How you respond to the results depends entirely on whether you’ve had any prior experience of early Range Rovers. If you haven’t you’ll be taken aback by how small the original model is, and by how connected to what’s going on you feel. Where today’s Range Rovers cosset and isolate you in a wafty, super-luxury driving environment packed with technology, the classic model is a much more mechanical device. Its bluff shape also generates more wind noise, but it’s worth noting the BxB is impressively devoid of the squeaks or rattles that regular classic Rangies tend to have in abundance.

In an unexpected way this Rangie is much more of an old-school sports car in soundtrack and spirit. The V8’s presence is always felt and never unwelcome. From the pleasingly off‑beat idle that lends the car a palpable pulse, to the mellow burble it emits with mild throttle openings and the good old-fashioned Hollywood car chase soundtrack when you really open the taps, this high-rise hot rod has a big and boisterous heart.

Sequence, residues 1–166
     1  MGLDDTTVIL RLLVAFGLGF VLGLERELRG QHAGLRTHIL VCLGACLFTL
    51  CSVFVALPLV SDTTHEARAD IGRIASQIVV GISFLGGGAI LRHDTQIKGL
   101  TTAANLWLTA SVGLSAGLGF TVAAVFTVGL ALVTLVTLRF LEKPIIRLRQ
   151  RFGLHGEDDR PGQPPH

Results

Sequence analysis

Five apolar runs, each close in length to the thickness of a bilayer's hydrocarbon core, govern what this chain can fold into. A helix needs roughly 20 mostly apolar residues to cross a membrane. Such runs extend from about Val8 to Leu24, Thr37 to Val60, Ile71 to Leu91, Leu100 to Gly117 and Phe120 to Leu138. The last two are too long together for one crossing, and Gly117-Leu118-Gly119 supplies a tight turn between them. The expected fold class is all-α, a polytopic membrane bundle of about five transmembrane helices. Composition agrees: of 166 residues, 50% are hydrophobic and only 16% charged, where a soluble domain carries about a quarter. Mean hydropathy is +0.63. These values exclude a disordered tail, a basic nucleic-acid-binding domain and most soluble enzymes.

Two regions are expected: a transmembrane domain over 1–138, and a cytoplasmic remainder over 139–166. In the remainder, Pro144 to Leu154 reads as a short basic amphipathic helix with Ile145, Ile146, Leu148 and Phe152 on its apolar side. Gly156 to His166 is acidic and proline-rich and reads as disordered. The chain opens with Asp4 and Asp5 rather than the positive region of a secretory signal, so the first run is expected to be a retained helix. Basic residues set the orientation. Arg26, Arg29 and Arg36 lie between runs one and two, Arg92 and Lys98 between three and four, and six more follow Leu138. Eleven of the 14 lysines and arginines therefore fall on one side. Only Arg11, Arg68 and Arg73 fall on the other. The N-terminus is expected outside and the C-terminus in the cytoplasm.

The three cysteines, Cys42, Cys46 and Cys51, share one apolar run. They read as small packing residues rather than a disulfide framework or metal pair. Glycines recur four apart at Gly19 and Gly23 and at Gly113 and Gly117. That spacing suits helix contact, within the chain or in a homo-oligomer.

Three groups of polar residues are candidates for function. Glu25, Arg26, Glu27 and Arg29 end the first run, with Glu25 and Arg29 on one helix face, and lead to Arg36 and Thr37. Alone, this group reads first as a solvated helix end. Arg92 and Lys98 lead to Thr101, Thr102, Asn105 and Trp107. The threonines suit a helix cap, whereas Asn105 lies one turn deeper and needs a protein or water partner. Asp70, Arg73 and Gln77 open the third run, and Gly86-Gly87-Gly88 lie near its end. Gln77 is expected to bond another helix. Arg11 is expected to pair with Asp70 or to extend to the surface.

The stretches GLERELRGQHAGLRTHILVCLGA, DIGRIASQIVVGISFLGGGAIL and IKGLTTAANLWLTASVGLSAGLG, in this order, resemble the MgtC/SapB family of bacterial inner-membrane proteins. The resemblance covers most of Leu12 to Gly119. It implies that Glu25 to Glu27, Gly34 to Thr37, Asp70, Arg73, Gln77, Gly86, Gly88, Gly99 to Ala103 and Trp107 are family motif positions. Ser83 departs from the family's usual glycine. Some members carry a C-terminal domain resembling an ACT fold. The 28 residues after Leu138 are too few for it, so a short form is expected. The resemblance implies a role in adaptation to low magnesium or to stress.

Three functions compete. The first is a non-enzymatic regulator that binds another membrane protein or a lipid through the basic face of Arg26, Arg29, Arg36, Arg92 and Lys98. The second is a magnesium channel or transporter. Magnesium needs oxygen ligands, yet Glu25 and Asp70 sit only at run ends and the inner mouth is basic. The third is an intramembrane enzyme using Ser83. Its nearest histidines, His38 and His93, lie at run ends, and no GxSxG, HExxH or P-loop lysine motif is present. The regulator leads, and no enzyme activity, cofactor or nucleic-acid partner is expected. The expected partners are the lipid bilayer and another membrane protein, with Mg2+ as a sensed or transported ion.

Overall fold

Such a surplus of power and torque means you can make effortless progress, a gentle squeeze of the throttle tapping into an impressively elastic seam of low and mid-range acceleration. But when you explore the last 30 per cent of the throttle’s travel the mood shifts, with easy-going flex switching to eye-widening punch. The transmission can be a little slow to kick down –torque converter ’boxes didn’t always behave like today’s snappy, paddle-shift autos – but there’s much to enjoy about the way this thing romps along on full noise.

Corners. Not something classic Range Rovers were designed to revel in, but something Bishops has ensured the BxB can attack with some gusto, thanks to Bilstein Ride Control electronic dampers that can be switched between pillowy soft and something approximating to firm, though all things are relative. Body roll has been largely eradicated from today’s performance cars, but despite the fitment of front and rear anti-roll bars it’s still very much a part of the BxB’s repertoire. Fear not.